Customs agents have to process over a million travelers a day, though, and they’re trying to keep important things like drugs and guns out of the country. Since it’s not worth Customs agents’ time to fill out paperwork and go to the trouble of collecting an extra buck or two from tourists, there’s lots of anecdotal evidence that suggests you’ll just get waved through unless you owe quite a bit in duties.

Are there any other odd Customs laws I should know?

Yes, particularly if you’re in the market for a nice cat-fur sweater. Here are a few choice Customs regulations you might not have known:

• You can bring absinthe back home with you, but it must be free of thujone. Also, according to Customs, “the term ‘absinthe’ cannot be the brand name; the term ‘absinthe’ cannot stand alone on the label; and the artwork and/or graphics cannot project images of hallucinogenic, psychotropic or mind-altering effects.”

• You can’t bring in any products containing dog or cat fur.

• Haitian animal hide drums may not make it back into the States thanks to a risk of cutaneous anthrax.

Note: A version of this story originally appeared last year. It was lost in a server meltdown.

Amazon's Under-the-Radar Coupon Page Features Deals on Home Goods, Electronics, and Groceries

Stock Catalog, Flickr // CC BY 2.0
Stock Catalog, Flickr // CC BY 2.0

This article contains affiliate links to products selected by our editors. Mental Floss may receive a commission for purchases made through these links.

Now that Prime Day is over, and with Black Friday and Cyber Monday still a few weeks away, online deals may seem harder to come by. And while it can be a hassle to scour the internet for promo codes, buy-one-get-one deals, and flash sales, Amazon actually has an extensive coupon page you might not know about that features deals to look through every day.

As pointed out by People, the coupon page breaks deals down by categories, like electronics, home & kitchen, and groceries (the coupons even work with SNAP benefits). Since most of the deals revolve around the essentials, it's easy to stock up on items like Cottonelle toilet paper, Tide Pods, Cascade dishwasher detergent, and a 50 pack of surgical masks whenever you're running low.

But the low prices don't just stop at necessities. If you’re looking for the best deal on headphones, all you have to do is go to the electronics coupon page and it will bring up a deal on these COWIN E7 PRO noise-canceling headphones, which are now $80, thanks to a $10 coupon you could have missed.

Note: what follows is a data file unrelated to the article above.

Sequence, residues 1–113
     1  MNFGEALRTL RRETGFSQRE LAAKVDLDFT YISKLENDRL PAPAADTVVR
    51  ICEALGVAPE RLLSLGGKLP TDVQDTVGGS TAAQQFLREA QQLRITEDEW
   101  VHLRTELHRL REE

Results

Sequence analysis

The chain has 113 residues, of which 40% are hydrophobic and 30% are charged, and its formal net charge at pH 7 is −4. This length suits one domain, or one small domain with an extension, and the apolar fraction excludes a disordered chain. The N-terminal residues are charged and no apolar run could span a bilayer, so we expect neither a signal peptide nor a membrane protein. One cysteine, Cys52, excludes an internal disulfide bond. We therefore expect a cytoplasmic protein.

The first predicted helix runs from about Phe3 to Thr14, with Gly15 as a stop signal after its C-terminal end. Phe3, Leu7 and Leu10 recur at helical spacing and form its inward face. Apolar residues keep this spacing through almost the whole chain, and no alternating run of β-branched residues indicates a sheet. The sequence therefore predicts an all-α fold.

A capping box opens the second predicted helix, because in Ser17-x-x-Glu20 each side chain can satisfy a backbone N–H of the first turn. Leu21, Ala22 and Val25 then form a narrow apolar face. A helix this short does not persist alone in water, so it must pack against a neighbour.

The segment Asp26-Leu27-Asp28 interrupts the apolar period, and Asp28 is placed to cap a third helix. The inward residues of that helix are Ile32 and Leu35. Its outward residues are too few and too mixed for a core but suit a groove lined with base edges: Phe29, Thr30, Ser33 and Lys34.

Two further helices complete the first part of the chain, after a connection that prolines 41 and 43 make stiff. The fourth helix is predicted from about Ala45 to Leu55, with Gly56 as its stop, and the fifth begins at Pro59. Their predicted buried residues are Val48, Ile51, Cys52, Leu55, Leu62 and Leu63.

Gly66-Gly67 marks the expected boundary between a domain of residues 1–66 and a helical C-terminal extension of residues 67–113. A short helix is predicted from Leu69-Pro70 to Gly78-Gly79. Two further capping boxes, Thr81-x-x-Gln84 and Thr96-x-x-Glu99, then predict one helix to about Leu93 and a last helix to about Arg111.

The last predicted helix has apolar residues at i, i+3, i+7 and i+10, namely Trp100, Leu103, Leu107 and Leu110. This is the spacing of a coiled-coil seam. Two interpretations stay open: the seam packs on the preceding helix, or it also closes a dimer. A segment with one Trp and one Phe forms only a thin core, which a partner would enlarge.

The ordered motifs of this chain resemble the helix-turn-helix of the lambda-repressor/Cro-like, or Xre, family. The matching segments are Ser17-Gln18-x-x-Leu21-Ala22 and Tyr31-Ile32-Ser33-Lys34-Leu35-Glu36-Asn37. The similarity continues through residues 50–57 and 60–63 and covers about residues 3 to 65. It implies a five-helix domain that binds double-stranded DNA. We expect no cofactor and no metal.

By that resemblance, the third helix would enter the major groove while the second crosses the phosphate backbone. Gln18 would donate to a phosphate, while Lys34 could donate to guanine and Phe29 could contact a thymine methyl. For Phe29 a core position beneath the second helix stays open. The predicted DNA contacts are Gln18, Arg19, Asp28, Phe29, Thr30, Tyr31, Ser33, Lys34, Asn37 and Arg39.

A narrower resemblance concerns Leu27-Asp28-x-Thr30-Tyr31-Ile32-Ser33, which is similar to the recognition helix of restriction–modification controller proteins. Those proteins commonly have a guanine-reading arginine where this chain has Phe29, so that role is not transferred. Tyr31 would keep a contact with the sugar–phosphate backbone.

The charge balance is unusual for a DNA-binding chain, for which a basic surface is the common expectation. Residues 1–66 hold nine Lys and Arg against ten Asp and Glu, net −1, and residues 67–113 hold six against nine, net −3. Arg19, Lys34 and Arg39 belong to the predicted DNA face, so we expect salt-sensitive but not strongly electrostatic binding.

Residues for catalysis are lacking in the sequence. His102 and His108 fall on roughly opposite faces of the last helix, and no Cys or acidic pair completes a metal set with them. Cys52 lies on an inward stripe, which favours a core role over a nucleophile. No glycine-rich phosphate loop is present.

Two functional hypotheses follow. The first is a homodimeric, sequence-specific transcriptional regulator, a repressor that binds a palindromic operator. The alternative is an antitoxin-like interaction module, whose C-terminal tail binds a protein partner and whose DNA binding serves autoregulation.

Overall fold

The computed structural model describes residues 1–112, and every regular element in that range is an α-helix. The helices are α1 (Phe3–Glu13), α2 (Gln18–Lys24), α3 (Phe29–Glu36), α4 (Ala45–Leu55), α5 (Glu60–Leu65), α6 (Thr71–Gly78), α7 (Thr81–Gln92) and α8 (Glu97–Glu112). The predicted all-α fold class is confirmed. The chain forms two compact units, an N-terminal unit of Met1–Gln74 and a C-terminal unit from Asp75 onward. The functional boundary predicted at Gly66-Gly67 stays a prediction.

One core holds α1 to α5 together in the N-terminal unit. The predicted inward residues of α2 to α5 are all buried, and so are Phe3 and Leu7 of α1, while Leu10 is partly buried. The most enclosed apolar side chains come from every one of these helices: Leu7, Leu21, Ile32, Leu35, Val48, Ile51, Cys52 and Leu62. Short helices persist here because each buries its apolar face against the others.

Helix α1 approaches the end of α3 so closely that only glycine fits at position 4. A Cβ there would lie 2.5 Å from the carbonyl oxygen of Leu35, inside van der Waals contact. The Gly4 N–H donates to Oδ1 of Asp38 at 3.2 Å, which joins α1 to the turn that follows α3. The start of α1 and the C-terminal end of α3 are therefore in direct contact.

Alternatively, if you are looking for deals on specific brands, you can search for their coupons from the page. So if you've had your eye on the Homall S-Racer gaming chair, you’ll find there's currently a coupon that saves you 5 percent, thanks to a simple search.

To discover all the deals you have been missing out on, head over to the Amazon Coupons page.

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The 10 Most Visited National Parks in 2019

Josiah Weiss, Unsplash
Josiah Weiss, Unsplash

The U.S. National Park System comprises more than 400 sites, 62 of which are national parks. Within the parks, visitors can explore forests, deserts, volcanoes, and more. But even with the diversity the National Park System has to offer, many visitors find themselves going to the same iconic parks year after year. To see the most-visited national parks in 2019, check out the list below.

This list comes from recreational visitation data gathered by the National Park Service. It doesn't include national monuments, parkways, or similar units—just the sites with the official "national park" designation.

The Great Smoky Mountains tops the list with roughly 12.5 million visits last year. Stretching across five counties in North Carolina and Tennessee, it's less than a day's drive away for one-third of the U.S. population. The accessibility plus the free admission and gorgeous mountain scenery help make it the country's most popular national park.

It's followed by Arizona's Grand Canyon National Park, which saw 5.97 million visits in 2019 to witness its world-famous views. Colorado's Rocky Mountain National Park takes third place with 4.7 million visits, and Utah's Zion National Park takes fourth with 4.5 million. Read on for the full top 10.

The National Park Service was established just over a century ago, and it's amassed a fascinating history. Here are some more facts about the United States's national parks.

  1. Great Smoky Mountains National Park
  2. Grand Canyon National Park
  3. Rocky Mountain National Park
  4. Zion National Park
  5. Yosemite National Park
  6. Yellowstone National Park
  7. Acadia National Park
  8. Grand Teton National Park
  9. Olympic National Park
  10. Glacier National Park